While I hate the idea of myself in a bikini and have an odd fear of drowning, I have had a long time dream to experience the wonders of the sea. Aqaba and the Red Sea seemed the obvious possibility to try out my dream.
Firstly, Jordan is a Muslim country and Aqaba is a rather conservative city where tiny bikinis are only the norm in the southern resorts. Thus, I could show off my very conservative bathing outfit.
Secondly, the Red sea is not muddy green and cold as the Baltic, but rather crystal blue and clear – not to mention warm, making me feel a little safer from the fear that Jörmungand or the Loch Ness Monster were to grab me from below.
With the intent on exploring the Red Sea we had pre-booked a tour on Layla One, where we could try out snorkelling around the coral reefs.
Going to Jordan
The day before we had taken the Egged bus 444 from Jerusalem to Eilat. From there we took a taxi to the border and spent a half hour eating our Israeli food and drinking our water before walking the distance across no man’s land. In Jordan we were met with open arms and lots of humour from the border guards. It was surprisingly easy to cross.
I had read a lot about the Taxi Mafia which had monopoly of driving you from the border and how you had to take a taxi for which they charged more than double the regulated price. While the first part held true, since other tourists crossing were denied to walk the distance to Aqaba on their own, the price charged was the regulated 11JD. The taxi ride proved quite adventurous.
The driver was young and liked to drive fast and furiously. Moreover, the back storage couldn’t close and every time – which was often – that we hit a bump it smacked open.
I was, to say the least, a bit afraid that our bag-packs would fall out. Every time a bump hit, I would turn around to check that they were not lying on the road behind us. That would make our young driver laugh merrily. My boyfriend was more concerned with the lack of seatbelts, which seems to be an invention which has not yet reached Jordan. But we arrived – luggage and people intact.
Snorkelling in the Red Sea
We showed up at DiveAqaba at 9 AM in the morning worried we would be late. We could have slept another 2 hours, if we had had the gift of foresight.
Together with four girls we spent ages waiting for a group of Israelis who were having problems at the border. When they finally arrived, they proved to be rowdy middle-aged men, who liked to sing loud Hebrew songs.
Though the leader of the group seemed on good terms with the natives and while the diving crew were pretty laid back, I found it a bit tactless for a bunch of Israelis to so blatantly show off in a country where many are caught in the Israeli-Palestinian conflict. No matter what one might think of the conflict, their behaviour seemed provoking. Partly also because they were loud and rowdy.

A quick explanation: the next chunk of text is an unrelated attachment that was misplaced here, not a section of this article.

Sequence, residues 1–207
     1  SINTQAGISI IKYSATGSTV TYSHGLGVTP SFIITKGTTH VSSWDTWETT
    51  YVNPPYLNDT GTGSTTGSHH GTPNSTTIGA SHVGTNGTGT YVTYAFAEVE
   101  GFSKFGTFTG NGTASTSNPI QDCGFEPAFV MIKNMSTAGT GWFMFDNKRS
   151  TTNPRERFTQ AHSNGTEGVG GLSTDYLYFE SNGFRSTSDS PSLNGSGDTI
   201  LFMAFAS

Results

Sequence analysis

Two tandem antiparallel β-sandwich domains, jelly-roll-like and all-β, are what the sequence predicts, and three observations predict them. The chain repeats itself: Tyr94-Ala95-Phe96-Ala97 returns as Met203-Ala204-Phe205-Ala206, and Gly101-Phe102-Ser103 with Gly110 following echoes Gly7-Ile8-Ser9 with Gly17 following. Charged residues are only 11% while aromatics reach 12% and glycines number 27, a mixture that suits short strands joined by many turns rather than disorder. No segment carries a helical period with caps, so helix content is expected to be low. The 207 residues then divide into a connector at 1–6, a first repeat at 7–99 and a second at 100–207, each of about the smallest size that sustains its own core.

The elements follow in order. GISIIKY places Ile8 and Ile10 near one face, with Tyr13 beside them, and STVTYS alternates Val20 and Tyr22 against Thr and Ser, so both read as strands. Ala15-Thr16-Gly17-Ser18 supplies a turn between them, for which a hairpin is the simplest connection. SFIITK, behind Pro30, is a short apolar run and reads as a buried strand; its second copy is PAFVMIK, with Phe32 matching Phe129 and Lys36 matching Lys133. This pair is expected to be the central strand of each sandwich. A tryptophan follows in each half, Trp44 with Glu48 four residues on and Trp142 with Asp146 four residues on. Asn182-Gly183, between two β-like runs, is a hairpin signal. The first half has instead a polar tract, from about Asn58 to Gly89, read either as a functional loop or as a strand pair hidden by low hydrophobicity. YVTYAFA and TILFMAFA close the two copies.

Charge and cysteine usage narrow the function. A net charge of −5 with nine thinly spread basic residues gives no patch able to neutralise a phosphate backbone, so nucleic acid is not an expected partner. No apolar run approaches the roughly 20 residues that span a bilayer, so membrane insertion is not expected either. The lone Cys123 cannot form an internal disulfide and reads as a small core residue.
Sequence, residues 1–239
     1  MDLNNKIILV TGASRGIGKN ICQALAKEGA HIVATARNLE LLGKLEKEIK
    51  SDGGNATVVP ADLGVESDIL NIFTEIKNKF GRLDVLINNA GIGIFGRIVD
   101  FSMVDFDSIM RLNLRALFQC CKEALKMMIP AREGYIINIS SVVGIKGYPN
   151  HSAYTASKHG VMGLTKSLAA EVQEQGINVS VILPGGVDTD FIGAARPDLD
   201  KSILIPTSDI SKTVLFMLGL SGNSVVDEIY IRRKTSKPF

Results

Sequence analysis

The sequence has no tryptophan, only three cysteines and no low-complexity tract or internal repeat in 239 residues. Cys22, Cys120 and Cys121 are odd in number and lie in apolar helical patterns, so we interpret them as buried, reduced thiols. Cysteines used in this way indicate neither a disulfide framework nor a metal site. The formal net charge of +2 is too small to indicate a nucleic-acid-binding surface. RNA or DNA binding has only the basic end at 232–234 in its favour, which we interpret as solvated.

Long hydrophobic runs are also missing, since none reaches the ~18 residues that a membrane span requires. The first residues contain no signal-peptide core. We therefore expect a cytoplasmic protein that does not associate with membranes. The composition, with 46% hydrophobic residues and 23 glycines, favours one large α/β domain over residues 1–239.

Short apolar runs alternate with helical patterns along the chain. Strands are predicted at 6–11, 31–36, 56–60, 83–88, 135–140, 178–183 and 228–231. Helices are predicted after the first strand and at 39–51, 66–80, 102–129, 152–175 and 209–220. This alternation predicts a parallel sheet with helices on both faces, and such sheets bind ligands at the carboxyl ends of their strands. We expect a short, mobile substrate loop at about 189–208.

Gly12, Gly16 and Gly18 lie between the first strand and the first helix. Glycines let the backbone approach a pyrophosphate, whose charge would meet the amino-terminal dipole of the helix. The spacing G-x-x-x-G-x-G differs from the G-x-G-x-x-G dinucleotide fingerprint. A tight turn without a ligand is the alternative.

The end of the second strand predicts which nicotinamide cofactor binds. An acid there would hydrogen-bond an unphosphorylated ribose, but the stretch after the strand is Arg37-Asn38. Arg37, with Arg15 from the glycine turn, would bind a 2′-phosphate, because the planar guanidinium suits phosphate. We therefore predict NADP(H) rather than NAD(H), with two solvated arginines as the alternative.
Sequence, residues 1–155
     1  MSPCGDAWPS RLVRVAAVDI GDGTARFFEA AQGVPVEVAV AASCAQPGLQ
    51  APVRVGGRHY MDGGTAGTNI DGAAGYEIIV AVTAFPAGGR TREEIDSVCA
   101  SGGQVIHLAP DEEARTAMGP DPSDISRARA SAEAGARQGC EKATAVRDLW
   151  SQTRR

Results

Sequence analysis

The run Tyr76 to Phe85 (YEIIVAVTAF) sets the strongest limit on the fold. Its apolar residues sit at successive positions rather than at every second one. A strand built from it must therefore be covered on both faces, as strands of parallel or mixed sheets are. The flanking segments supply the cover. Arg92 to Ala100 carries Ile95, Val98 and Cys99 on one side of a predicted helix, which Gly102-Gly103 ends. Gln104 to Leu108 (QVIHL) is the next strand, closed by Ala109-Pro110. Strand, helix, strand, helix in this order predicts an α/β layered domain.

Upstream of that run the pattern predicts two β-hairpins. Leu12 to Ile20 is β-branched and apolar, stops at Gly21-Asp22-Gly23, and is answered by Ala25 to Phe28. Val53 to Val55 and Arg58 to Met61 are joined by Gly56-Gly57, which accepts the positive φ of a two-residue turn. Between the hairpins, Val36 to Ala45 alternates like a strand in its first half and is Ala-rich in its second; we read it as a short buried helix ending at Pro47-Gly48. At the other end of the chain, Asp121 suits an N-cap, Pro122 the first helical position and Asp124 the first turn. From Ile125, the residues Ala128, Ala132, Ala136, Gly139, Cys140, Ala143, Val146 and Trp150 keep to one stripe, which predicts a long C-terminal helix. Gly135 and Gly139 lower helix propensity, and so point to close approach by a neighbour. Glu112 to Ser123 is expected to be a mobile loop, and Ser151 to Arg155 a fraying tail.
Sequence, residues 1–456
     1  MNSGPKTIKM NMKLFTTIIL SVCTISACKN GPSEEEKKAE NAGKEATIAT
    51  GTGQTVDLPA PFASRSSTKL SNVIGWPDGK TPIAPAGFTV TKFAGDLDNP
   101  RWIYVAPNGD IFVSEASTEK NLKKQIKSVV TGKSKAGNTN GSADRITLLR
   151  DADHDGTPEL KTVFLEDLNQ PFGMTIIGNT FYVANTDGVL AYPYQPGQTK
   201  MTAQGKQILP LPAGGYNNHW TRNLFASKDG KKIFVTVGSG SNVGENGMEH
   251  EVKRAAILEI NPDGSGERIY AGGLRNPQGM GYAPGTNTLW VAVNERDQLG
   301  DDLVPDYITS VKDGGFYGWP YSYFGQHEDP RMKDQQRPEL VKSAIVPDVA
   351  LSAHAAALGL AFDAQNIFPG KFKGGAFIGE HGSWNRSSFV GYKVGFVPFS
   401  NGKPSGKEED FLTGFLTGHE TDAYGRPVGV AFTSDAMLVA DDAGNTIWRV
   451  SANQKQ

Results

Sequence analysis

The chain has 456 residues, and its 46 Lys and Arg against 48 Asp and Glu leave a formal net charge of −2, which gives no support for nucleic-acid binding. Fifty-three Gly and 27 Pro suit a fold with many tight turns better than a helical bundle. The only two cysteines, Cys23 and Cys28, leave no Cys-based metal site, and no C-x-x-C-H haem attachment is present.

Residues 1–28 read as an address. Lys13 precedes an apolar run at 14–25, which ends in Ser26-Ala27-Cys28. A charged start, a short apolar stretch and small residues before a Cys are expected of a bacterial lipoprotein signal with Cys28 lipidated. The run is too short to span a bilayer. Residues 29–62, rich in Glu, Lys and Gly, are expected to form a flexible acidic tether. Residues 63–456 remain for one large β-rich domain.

It really didn’t help when they undressed on the boat – one of them showing off speedos and a rather large beer stomach. With that pretty sight, we sat sail for Cedar Pride Wreck – a Lebanese general cargo vessel which was sunk for the benefit of creating the basis of a marine habitat and diving spot in Aqaba in 1982.
‘Spit in the goggles, you have to spit in the goggles‘ – what? Yakk. Apparently in order to clean the salt off the goggles, you have to absolve it in your spit. Fascinating.
The first ten minutes were scary and I had major problems with getting used to breathing through my mouth. Moreover, my spit hadn’t done much good and I couldn’t see a thing under water.
However, after getting another pair of goggles and forcing myself to stop breathing through my nose, it was absolutely amazing. Far below us lay the cargo ship and divers from our boat could be seen there. I had imagined it would be scary to be at 20 meters depth, but the wetsuit and swim feet made it almost impossible to sink below the surface.
Our second stop was at First Bay North where the coral reef was only a short meter below the surface. Much more confident in snorkelling and breathing through the mouth, we had an amazing hour enjoying the rich and wondrous life beneath the surface, where colourful fish swam between large corals.
It is by all means one of the most amazing experiences I have had travelling, and I can’t believe I haven’t snorkelled before. We will definitely jump into snorkelling gear every time we get a chance in the future.
The day ended with a large and fulfilling lunch and yet another Hebrew song on the way back.
Not unlike cities I have visited in Morocco or Azerbaijan, Aqaba is a dirty and smelly city. But at the same time, as Fez and Ganja, Aqaba is alive and a fascinating place to enjoy.
The streets are full of people shopping, haggling, smoking, picnicking … etc. – something I had missed in the Old City of Jerusalem. Everyday life en masse.
In the evening, the public beach became filled with families from near and afar, enjoying the sunset and a cop of Lipton tea with mint leaves.
You couldn’t move for people. Kids playing. Couples talking. People selling tea, coffee, large swim toys in the form of ducks.
At first we laughed at the guy who tried to sell the swimming ducks, but then we noticed how many families had one. It pretty much seem the standard, and there are no other kind of swim toys than the duck. It must make for excellent business.
It would be hard for anyone to outdo the Jordanian in regards to hospitality. From crossing the border we have only met open and enthusiastic people, who generally wish to welcome us. If the rest of our trip will be anything like our reception in Aqaba, I think we will come to love Jordan very much.